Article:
Fast Fashion: Is it Becoming a Problem?
Fast fashion is a modern term used in the fashion industry to describe inexpensive clothing that is produced quickly in response to the latest trends. Fast fashion is usually based around fashion trends present at fashion week in both Spring and Autumn, but can also relate to the clothes celebrities’ wear.
When celebrities such as Beyoncé, Ariana Grande, and the Kardashians wear a designer dress, you can almost guarantee it will appear, in some shape or another, in multiple retail stores within a few days.
Fast fashion brands such as Zara, H&M, Missguided, and Pretty Little Thing optimise certain areas of their supply chain to make sure they are manufacturing the clothes as fast as possible at affordable prices.
While this looks like an ideal situation for consumers from the outside, the effects of fast fashion is recently undergoing a lot of criticism. Just as fast fashion moves from the runway to retail stores quickly, it also moves to the bin just as fast. It contributes more to climate change than air and sea travel combined.
In response to fast fashion, the slow fashion movement has been developed. It blames fast fashion for pollution because of the way the clothes are both produced and disposed of quickly. It also emphasises the lack of quality in comparison to the trends or clothing items they are copying, and the contributions it is making to poor working conditions in developing countries.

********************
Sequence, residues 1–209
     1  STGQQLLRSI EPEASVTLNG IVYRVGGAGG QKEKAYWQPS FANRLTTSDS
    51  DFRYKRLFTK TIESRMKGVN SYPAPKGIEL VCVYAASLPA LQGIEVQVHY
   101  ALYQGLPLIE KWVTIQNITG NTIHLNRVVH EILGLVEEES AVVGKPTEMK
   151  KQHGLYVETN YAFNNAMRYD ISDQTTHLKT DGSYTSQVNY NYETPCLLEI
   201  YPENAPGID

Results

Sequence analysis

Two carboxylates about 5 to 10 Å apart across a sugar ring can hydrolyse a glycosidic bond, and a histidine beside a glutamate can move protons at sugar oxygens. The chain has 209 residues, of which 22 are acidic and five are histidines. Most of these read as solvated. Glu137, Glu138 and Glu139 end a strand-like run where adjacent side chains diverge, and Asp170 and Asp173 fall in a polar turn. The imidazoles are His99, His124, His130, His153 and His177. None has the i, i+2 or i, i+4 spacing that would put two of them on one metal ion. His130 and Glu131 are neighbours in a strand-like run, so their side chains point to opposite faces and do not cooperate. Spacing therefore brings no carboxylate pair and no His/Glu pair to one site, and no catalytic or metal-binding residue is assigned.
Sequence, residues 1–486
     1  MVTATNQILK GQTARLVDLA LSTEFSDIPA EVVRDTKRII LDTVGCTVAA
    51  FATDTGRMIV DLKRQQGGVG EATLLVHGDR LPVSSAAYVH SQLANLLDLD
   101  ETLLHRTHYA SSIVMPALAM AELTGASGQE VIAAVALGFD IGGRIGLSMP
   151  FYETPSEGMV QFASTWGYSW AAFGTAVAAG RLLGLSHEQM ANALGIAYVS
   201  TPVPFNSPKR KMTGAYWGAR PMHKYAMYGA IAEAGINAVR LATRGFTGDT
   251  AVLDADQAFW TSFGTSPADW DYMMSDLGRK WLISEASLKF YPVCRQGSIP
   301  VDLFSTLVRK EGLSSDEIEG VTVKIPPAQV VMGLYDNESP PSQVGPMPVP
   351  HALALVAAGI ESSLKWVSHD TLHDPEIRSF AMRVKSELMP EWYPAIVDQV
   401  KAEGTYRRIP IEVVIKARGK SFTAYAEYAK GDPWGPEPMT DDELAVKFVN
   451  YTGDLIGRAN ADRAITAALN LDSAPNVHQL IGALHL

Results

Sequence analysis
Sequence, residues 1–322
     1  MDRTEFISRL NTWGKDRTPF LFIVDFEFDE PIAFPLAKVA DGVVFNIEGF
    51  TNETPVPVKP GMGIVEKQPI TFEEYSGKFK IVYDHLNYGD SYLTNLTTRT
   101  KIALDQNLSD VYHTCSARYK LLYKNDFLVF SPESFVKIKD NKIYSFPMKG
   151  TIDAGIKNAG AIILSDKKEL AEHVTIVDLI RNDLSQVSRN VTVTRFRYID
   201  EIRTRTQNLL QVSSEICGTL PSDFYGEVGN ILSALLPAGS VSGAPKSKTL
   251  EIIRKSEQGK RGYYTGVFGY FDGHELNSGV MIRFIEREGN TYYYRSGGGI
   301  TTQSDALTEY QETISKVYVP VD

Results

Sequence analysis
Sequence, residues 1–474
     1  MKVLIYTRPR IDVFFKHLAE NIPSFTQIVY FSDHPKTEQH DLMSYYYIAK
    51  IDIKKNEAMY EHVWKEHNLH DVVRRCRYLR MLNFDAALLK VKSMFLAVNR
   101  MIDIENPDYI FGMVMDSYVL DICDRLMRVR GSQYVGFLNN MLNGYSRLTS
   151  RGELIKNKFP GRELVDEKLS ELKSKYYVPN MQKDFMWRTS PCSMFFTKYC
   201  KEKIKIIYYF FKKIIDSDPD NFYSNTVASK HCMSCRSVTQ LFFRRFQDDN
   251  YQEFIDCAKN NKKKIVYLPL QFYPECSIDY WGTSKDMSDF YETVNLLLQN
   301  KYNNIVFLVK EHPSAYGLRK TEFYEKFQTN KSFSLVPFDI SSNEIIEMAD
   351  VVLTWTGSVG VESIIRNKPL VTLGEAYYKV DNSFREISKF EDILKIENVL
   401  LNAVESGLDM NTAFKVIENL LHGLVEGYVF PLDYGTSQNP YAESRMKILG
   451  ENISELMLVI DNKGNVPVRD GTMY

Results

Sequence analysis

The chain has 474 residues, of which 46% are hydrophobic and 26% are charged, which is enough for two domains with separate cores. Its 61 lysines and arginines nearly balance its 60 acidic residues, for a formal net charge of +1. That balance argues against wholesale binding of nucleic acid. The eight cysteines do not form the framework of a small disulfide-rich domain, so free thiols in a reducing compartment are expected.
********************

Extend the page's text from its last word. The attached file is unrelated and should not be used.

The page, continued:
Sustainable clothing and reused clothes are also popping up in response to fast fashion. Consumers are buying second hand clothes from sites such as depop and eBay, but also from retailers such as ASOS, Topshop, and Urban Outfitters who are stocking pre-loved clothes. Fashion retailers looking to expand their offering in the future should watch this space.
Looking for more retail insights? Visit our September show Autumn Fair and take part in our free workshops and seminars. If you are looking to expand your fashion and fashion accessories offering, visit the Fashion sector in Hall 9.